Pancake Day, Shrove Tuesday or Mardi Gras (French for Fat Tuesday); whatever you call it and whether you’re in eager anticipation from Valentine’s Day onwards – or it crêpe-s up on you (get it?) each year -, this pre-Lenten celebration day is far more than an opportunity to clear out the larder. Read on for an overview of the fascinating history and legacy of Pancake Day, from Christian origins to present-day customs and literary ditties.
The prefix ‘pan’ of the word pancake refers, very logically, to the fact that these scrumptious cakes are typically cooked in a hot pan. However, ‘pan’, of Greek etymology, also means ‘all’. Think of the words panoptic and panoramic (all seeing), pandemonium (place of all demons) and of course the obvious example of the past two years, pandemic (a disease affecting all people). The implication of inclusivity is apt considering the many pancake variations around the world: flipped with a spatula or tossed with a flick of the wrist, sweet or savoury, rolled, folded or stacked, fat and fluffy or paper thin, stuffed or topped with just about anything – the pan is your oyster.
The pancake’s origins, however, are more humble. Shrove Tuesday, which this year falls on 1st March 2022, precedes Ash Wednesday, the first day of Lent. The Roman Catholic practice of shriving means to confess one’s sins to a priest and be prescribed penance to obtain absolution. Shrovetide is therefore about preparing for Lent, when Christians eschew luxuries to observe the 40 days that Jesus spent resisting temptation in the wilderness.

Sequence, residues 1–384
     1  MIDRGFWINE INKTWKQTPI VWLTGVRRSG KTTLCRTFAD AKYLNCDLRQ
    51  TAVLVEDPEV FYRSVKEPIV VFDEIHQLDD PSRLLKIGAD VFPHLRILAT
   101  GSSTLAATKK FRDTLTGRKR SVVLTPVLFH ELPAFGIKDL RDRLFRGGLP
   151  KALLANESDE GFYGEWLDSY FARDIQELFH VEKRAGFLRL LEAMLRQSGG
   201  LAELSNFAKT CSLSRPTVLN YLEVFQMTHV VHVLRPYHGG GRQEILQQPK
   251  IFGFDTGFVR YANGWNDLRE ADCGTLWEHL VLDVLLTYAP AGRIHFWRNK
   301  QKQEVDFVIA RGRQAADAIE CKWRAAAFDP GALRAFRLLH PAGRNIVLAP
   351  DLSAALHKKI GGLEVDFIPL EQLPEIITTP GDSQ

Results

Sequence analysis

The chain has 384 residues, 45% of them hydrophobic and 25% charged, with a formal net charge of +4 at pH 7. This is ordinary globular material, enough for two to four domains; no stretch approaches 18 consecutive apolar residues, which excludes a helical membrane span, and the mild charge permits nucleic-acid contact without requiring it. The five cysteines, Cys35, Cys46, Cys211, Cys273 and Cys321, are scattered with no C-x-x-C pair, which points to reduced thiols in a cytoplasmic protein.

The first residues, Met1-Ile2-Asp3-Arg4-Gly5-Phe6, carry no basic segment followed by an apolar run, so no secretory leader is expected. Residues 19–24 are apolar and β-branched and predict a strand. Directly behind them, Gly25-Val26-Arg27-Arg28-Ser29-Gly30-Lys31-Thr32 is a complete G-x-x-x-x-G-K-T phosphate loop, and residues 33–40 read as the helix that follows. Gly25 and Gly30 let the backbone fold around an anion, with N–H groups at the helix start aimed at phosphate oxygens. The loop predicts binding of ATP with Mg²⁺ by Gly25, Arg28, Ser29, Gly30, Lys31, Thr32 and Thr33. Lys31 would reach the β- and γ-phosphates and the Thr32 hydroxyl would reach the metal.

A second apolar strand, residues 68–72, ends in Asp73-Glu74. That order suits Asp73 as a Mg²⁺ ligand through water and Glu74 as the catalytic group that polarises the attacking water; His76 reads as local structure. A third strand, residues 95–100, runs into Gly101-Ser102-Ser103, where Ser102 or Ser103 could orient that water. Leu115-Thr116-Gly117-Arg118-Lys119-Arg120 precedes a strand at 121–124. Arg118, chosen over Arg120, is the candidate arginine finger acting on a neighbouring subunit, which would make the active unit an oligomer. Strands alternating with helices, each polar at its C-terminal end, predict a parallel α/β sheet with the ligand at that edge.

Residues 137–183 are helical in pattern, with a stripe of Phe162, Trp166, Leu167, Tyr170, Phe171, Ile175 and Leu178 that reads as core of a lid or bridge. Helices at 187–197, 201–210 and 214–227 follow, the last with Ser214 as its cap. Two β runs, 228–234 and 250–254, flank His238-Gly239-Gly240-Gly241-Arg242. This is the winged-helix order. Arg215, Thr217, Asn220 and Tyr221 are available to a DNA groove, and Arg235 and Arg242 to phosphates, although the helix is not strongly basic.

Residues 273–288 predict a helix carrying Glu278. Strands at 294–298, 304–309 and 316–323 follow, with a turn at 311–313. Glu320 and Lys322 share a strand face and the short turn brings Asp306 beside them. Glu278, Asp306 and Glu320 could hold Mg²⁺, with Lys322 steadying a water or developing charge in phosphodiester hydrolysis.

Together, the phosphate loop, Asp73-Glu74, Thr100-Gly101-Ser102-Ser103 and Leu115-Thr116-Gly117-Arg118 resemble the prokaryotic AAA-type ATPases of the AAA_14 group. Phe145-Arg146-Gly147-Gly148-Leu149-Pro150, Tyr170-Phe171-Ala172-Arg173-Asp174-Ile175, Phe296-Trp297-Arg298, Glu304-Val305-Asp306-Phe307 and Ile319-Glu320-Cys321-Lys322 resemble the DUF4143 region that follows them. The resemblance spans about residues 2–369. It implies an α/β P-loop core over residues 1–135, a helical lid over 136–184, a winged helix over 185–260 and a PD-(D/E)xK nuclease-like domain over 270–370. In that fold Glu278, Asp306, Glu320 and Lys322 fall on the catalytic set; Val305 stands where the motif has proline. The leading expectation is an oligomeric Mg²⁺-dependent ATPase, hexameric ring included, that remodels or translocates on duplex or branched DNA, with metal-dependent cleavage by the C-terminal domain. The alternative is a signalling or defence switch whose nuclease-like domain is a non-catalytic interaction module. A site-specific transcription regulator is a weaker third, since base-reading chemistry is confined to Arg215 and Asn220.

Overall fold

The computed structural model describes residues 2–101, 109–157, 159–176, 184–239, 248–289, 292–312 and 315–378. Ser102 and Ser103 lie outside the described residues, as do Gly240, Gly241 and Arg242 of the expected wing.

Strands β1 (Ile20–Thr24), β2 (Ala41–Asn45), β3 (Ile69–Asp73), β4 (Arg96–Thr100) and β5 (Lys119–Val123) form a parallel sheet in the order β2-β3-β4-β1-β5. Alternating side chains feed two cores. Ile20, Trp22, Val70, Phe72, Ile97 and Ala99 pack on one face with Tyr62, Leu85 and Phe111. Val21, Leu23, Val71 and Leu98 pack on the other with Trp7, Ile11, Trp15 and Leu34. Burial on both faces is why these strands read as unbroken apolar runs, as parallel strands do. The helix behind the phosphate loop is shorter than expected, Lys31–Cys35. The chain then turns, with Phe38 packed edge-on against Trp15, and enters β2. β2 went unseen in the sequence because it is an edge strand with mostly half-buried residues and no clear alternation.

Shrove Tuesday is the feast before the fast, and pancakes are an ideal way to use up fat and dairy products. Nowadays, we usually give up things like meat, chocolate and alcohol. Around the world, Shrovetide celebrations such as Carnival and Mardi Gras can last for several weeks and may also include extravagant festivals, street parties and masquerades, as well as gastronomic delicacies. In the UK, we might also run pancake races or play football games.
The cultural significance of pancakes can be found in Western literature, with texts such as Shakespeare’s As You Like It (1623), Oliver Goldsmith’s sentimental novel The Vicar of Wakefield (1766) and Robert Seethaler’s The Tobacconist (2016) all containing references to them. Christina Rossetti’s famous rhyme Mix A Pancake (1893) even includes vague instructions for making them.
Here’s my confession: I don’t usually follow a recipe. Just a little heap of flour, maybe four or five tablespoons, one egg and milk until it looks about right. Voila! My topping of choice is usually lemon juice and sugar. Whether your own efforts pan out quite nicely or end up tossed right out the window, Pancake Day is always flipping good fun.
https://www.youtube.com/watch?v=ltXfR_TIlEE – The Economist video about Carnival.